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Cooped up in a cozy office deep in Toa Payoh is a close-knit team keeping Singaporeans educated, informed and entertained – in braille.

Converting one textbook at the Braille Production Center can take months, even with the help of a bulking machine that costs tens of thousands of dollars. Translating a dictionary? That request was a first – and one that might take too much precious time.

Inside the Singapore Association Of The Visually Handicapped, five of the eight-strong team are visually impaired – including head Edwin Khoo, braille transcriber Jason Setok and librarian Kelvin Tan – and rely on touch and sound and gadgets like braille displays and text-to-speech tech to carry out this exacting work.

“The fact of the matter is because people like us, we use our ears a lot so for the blind the chances of us damaging our ears are also there as well. It’s quite scary actually. Just imagine, if we lose our sense of hearing, braille also comes in as a very crucial medium for us to communicate effectively,” said Khoo, who has just left the association after over a decade.

They toil at what is the country’s sole braille facility serving the community by transcribing text and diagrams of everything from school textbooks to Harry Potter novels into braille. 

Braille is a system of six raised dots with 63 possible combinations that was invented in 1824. It is available in various languages including Mandarin and Tamil, but English is the default version in Singapore. With braille, one can read with their fingers and play card games and even Scrabble.

The team sits atop a hill on the second story of one of the association’s bleach-white buildings in Toa Payoh. That’s also where my terrible sense of direction prompted a lovely receptionist and other clients – all blind – to guide me with vivid directions.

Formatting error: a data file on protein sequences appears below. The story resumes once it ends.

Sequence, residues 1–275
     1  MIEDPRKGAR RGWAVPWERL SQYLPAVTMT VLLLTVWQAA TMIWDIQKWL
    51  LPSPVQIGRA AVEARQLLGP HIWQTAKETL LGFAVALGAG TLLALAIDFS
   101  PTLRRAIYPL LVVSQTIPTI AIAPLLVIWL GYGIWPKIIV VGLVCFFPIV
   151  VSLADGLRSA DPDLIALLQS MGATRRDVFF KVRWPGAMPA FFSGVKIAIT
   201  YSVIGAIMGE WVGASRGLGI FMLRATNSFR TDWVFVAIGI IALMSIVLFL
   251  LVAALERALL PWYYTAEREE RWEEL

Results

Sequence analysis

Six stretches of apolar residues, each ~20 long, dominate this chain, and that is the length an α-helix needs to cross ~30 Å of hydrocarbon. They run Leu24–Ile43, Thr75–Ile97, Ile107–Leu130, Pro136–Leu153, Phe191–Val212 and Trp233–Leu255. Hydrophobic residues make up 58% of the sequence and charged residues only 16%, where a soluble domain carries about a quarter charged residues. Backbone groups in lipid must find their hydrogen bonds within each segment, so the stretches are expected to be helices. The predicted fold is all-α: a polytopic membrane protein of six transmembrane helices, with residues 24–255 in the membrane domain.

“It’s over there! Walk out, go up the steps and turn left,” a man holding a white cane pointed out.

Once my inept, sighted self entered the space’s narrow hallways and carpeted floors, I was greeted by Ng Tay Swee Kim, a braille transcriber and pioneer who’d been with the association since 1976. She, together with Indira Premraj, who has five years of transcribing experience under her belt, are in charge of embossing school textbooks, name cards, birthday cards, and knocking out signs in braille. 

Their speciality? Dotting out diagrams in braille. Indira, 31, described the difficult work as “all just a big mess.”

A tactile diagram in an exam question that is embossed in braille and cutouts. Photo: Coconuts
A tactile diagram in an exam question that is embossed in braille and cutouts. Photo: Coconuts

“We have to scan the diagrams also, we have certain graphs. We cannot just superimpose them on the PowerPoint, we have to redraw the whole thing. Like geography is one of the most difficult ones to do, because they have hundreds of structures of all the different kinds of grid forms for countries and planets,” she said.

That’s why one school textbook can take months, she added. A page will take up about three pages in braille, and that itself takes an hour. 

The center mainly supports Ahmad Ibrahim Secondary School and Bedok South Secondary School where visually handicapped students are posted to. They also convert exam papers and worksheets into braille with the help of around 10 volunteers who edit the text to perfection. 

A client even requested for an entire English dictionary to be translated to braille, Ng said. Not sure how long that will take.

This tedious work is dotted out by heavy duty equipment, with the biggest one costing over S$60,000 shipped in from Norway. Two others are stored away in a room — one used for textile diagrams and the other for A4 size books.

At left, the braille machine shipped in from Norway. Ready to print braille text that is converted using software, at right. Photo: Coconuts
At left, the braille machine shipped in from Norway. Ready to print braille text that is converted using software, at right. Photo: Coconuts

When they’re not racking their brains trying to convert a math graph into braille, they also transcribe the kind of signage one might see in lifts and toilets, decals on ATMs and name cards for anyone who requests. More than 40 companies have approached them just for name cards.

Contractors and companies also bring their signatures or products down to the team to make sure that the braille dots make sense. Apparently, some don’t.

“Not only that my side has a lift where the braille is wrong. For level 21, they put it as level 10. I have actually sent it in to the town council but I don’t see the change being done yet. It’s still the same wrong braille,” Indira said, referring to a lift somewhere in western Singapore that she saw just after joining the team in 2017.

Library of dots

The braille library at SAVH. Photo: Coconuts